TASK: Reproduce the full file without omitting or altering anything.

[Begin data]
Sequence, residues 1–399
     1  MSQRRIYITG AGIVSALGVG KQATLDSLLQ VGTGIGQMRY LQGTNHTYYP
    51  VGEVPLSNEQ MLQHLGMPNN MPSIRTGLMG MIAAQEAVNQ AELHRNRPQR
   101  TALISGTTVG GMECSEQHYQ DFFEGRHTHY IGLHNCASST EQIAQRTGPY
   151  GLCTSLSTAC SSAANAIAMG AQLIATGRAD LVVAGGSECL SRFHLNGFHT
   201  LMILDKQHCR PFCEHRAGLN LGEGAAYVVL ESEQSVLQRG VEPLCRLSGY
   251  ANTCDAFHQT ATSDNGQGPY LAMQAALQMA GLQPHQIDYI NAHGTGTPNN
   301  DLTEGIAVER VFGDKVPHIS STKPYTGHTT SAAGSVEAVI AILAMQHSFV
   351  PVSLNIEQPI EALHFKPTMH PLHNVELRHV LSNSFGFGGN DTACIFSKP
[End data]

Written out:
Sequence, residues 1–399
     1  MSQRRIYITG AGIVSALGVG KQATLDSLLQ VGTGIGQMRY LQGTNHTYYP
    51  VGEVPLSNEQ MLQHLGMPNN MPSIRTGLMG MIAAQEAVNQ AELHRNRPQR
   101  TALISGTTVG GMECSEQHYQ DFFEGRHTHY IGLHNCASST EQIAQRTGPY
   151  GLCTSLSTAC SSAANAIAMG AQLIATGRAD LVVAGGSECL SRFHLNGFHT
   201  LMILDKQHCR PFCEHRAGLN LGEGAAYVVL ESEQSVLQRG VEPLCRLSGY
   251  ANTCDAFHQT ATSDNGQGPY LAMQAALQMA GLQPHQIDYI NAHGTGTPNN
   301  DLTEGIAVER VFGDKVPHIS STKPYTGHTT SAAGSVEAVI AILAMQHSFV
   351  PVSLNIEQPI EALHFKPTMH PLHNVELRHV LSNSFGFGGN DTACIFSKP